I don't undrstand this.

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PALMY
Regular Member


Date Joined Sep 2003
Total Posts : 268
   Posted 9/16/2016 11:14 AM (GMT -6)   
I just had my bloodwork done on Monday and my Glucose was 158 my A1C was 7.4. I have not heard from my Dr. and normally if anything is wrong you get a phone call otherwise a letter telling you maybe a diet or whatever is needed but anyting serious a phone call that day. She did receive my reports on Monday also. This A1C has me really concrned but my Dr. is a Nephologist and specializes in Diabetes and high B/P. All my other blood work was fine except for my GFR, but I am a senior woman 74 years old. I am afraid to eat for fear my Glucose wil go high.I really am expecting a letter to change eating habits etc but quite nervous about these readings. my monitor readings go from 117- 190, the 190 is after 2 hours of eating but in 4 hours comes down in the 140's.

Thanks for any help, Linda

Lanie G
Forum Moderator


Date Joined Nov 2006
Total Posts : 5922
   Posted 9/16/2016 11:43 AM (GMT -6)   
Hi Linda, I remember you posted here before and your blood sugar was not as high as this. It might be what you're eating. Are you on metformin or anything else for diabetes?

The A1c 7.4 is about an average of 166 blood sugar and you know that's high. If you can't get it lower by diet and exercise, then your doctor needs to figure out what medication will help you.

Staying away from bread and other food made with flour, potatoes, rice and food made with sugar will certainly help control the blood sugar, so if you're eating any of that food, your blood sugar will continue to be high. Cutting down or cutting out those carbs will bring it down but depending on how you're doing this, you might still need medication. Your blood sugar readings are too high (and you already know this) and it's probably the food.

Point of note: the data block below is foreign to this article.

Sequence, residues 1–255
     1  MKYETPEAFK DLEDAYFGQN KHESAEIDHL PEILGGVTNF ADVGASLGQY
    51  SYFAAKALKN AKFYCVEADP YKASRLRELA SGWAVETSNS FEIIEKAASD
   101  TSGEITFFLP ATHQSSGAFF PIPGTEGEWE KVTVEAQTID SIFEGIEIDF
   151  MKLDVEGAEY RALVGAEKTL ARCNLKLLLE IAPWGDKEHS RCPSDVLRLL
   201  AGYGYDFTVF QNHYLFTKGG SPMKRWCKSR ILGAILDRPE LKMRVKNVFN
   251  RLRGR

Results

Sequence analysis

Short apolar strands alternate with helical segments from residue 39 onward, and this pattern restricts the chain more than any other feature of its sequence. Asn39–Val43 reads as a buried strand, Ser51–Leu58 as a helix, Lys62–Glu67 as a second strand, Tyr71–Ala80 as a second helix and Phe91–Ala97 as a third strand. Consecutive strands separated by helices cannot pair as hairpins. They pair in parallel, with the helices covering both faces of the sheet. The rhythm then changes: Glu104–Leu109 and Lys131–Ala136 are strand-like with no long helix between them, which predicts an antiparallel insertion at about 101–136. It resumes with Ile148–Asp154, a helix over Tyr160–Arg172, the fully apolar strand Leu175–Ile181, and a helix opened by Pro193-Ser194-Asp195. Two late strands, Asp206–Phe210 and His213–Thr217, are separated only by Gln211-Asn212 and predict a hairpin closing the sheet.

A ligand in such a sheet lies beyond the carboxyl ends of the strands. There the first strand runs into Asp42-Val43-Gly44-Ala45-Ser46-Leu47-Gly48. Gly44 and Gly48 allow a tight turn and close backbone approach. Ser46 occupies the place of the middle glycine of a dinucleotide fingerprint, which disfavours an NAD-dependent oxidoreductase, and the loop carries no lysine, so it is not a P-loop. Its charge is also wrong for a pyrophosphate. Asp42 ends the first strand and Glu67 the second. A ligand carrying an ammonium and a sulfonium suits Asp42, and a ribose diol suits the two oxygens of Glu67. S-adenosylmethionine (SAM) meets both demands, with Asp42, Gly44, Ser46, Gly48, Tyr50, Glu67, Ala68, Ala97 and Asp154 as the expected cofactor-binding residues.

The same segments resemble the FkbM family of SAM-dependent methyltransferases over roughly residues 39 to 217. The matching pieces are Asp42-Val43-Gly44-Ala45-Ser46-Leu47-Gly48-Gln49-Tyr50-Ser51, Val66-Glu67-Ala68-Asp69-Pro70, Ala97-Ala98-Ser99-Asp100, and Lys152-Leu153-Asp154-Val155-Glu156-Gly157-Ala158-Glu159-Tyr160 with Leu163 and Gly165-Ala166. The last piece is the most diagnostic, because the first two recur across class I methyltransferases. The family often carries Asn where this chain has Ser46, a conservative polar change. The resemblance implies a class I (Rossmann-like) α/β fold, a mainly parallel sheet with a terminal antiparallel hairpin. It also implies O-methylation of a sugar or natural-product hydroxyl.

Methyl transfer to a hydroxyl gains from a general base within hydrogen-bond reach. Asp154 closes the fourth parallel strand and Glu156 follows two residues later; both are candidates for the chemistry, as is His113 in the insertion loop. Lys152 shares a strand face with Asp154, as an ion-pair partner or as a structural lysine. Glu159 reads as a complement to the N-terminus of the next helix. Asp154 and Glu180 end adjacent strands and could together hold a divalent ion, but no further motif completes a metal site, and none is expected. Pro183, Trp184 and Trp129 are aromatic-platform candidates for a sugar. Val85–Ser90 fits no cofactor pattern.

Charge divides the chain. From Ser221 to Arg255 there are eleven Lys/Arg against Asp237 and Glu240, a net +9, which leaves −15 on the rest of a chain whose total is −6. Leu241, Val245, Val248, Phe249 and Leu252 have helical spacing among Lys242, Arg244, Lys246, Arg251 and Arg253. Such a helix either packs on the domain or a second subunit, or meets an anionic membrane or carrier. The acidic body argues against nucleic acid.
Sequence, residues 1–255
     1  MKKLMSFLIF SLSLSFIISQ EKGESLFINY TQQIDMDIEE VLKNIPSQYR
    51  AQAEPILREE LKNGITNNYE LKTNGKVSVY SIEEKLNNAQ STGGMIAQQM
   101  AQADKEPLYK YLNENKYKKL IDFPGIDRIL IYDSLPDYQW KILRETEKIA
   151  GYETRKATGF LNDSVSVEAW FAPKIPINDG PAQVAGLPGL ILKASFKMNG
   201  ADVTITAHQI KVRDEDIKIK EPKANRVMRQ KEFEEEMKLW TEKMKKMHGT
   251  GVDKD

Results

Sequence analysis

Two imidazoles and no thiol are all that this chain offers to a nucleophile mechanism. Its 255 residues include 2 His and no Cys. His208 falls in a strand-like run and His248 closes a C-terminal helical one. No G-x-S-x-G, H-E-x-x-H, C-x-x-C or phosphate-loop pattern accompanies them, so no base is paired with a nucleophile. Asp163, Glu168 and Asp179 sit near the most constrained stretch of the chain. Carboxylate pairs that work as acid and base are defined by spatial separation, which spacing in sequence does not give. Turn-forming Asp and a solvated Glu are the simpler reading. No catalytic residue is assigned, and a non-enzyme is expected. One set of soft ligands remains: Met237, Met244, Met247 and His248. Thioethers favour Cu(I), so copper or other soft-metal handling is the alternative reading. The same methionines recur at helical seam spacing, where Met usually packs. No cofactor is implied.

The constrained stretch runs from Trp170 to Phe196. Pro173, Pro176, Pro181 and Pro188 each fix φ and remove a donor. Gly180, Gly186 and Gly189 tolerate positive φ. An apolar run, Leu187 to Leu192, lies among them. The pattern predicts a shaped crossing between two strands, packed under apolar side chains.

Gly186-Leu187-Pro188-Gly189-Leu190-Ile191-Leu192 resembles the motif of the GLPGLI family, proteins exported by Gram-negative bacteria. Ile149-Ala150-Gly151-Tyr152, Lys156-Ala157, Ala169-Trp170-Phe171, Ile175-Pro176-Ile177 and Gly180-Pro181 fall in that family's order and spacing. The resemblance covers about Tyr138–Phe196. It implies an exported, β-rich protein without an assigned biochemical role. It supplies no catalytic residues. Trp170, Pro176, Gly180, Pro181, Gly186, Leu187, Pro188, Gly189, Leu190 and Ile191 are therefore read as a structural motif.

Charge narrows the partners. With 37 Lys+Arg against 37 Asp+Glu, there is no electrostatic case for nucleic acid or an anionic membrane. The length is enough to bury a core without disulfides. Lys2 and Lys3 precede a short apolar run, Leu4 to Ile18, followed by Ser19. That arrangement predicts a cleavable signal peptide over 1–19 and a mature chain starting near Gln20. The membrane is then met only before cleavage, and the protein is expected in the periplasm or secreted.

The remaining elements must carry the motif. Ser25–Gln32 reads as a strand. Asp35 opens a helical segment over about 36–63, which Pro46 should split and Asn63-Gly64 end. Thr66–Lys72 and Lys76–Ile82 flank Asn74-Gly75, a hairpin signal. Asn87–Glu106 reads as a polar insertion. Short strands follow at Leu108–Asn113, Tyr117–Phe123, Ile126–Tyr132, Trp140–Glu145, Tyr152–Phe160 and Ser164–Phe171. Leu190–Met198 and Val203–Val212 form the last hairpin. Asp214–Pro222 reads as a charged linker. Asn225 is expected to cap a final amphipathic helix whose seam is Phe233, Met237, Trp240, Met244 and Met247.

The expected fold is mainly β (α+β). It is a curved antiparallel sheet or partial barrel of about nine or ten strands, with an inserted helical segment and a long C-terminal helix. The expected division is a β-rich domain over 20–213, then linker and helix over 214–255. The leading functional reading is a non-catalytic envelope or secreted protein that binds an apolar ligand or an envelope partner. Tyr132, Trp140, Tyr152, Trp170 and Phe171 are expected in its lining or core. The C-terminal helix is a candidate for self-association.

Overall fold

Please read over this website called "Blood Sugar 101" for more detailed information:

www.phlaunt.com/diabetes/


High blood sugar (diabetes) as well as high blood pressure can cause kidney disease which a nephrologist is well aware of since that's their specialty. I don't know why you haven't heard from your doctor's office about your test results, so it's a good idea to call them now. In the meantime, you can help yourself by eating lots of greens, veggies (not potatoes or corn), some meat, chicken, fish and drinking plenty of water.

You can do this yourself while waiting to see what your doctor will recommend for you.
Lanie

diabetes moderator
diabetes type 2 controlled by diet and exercise and
metformin
very low carb way of eating

PALMY
Regular Member


Date Joined Sep 2003
Total Posts : 268
   Posted 9/16/2016 1:19 PM (GMT -6)   
I am not on meds. i was buying these butterscoth hard candies and i love them I was eating one after another probably 10-20 per day. i have not had any for about a week and am wondering could this have caused a spike and how long will it take my glucose to return to normal. My glucose always ranged from 120-130 for years. Last time I posted my glucose went back to normal reading and so did my A1C.


i remember the Glucose range was no higher than 180, than 160 than 140, 120, 110 and now 90. How can these normal ranges change so often and 1/2 of what it was years ago, same with Cholestrol readings and B/P.